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Table 2 SGI1 and severity of the illness: comparison of clinical and biological dataa

From: “Does the Salmonella Genomic Island 1 (SGI1) confer invasiveness properties to human isolates?”

Variables SGI1-positive SGI1-negative p-valuec
N 12 88  
Age (years) 13.9 (56.9) 18.4 (54.2) p = 0.62
Sex ratio M/F 5/7 42/46 p = 0.77
Immunosuppression 2 (16.7) 15 (17.0) p = 1.00
Invasive infection 2 (16.7) 13 (14.8) p = 1.00
Bacteremia 2 (16.7) 10 (11.4) p = 0.63
Sepsis 2 (16.7) 13 (14.8) p = 1.00
Fever or hypothermia 5 (41.7) 53 (63.9) p = 0.21
 Missingb 0 5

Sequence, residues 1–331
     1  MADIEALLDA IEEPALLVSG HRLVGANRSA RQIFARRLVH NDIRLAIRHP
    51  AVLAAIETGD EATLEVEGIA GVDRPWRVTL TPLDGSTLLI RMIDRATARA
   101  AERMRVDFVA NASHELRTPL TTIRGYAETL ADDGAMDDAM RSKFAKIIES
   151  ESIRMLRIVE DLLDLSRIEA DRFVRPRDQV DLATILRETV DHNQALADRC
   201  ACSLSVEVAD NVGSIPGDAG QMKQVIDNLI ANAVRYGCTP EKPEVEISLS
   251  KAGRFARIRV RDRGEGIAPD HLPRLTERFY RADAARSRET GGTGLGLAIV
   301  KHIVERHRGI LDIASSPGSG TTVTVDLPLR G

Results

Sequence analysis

Inflammatory response 11 (100) 71 (96.0) p = 1.00
 Missingb 1 14  
Bloody stool 2 (16.7) 20 (23.5) p = 0.73
 Missingb 0 3  
Leukocytes in stool 2 (16.7) 36 (43.9) p = 0.11
 Missingb 0 6  
Intravenous hydration required 5 (45.5) 41 (65.1) p = 0.31
 Missingb 1 25  
Length of hospital stay in days 2.5 (5) 4 (6) p = 0.39
Infection with Serovar Typhimurium 7 (58.3) 29 (33.0) p = 0.11
 DT104 phage type 5 (41.6) 4 (4.5) p = 0.001
Infection with S. enterica harboring at least 1 resistance 12 (100) 67 (76.1) p = 0.07
Infection with S. enterica harboring penta – resistance (ACSSuT)d 6 (50) 3 (3.4) p < 0.001
  1. aData are presented as median (interquartile range) for age and for long out of stay in hospital days or number of patients n (%)
  2. bMissing refers to data not available in medical records
  3. cFisher’s exact test and Kruskal-Wallis test were performed as appropriate and p-values <0.05 were considered statistically significant
  4. dACSSuT: Amoxicillin, Chloramphenicol, Streptomycin, Sulphonamides and Tetracyclines
  5. Number italicized were statically significant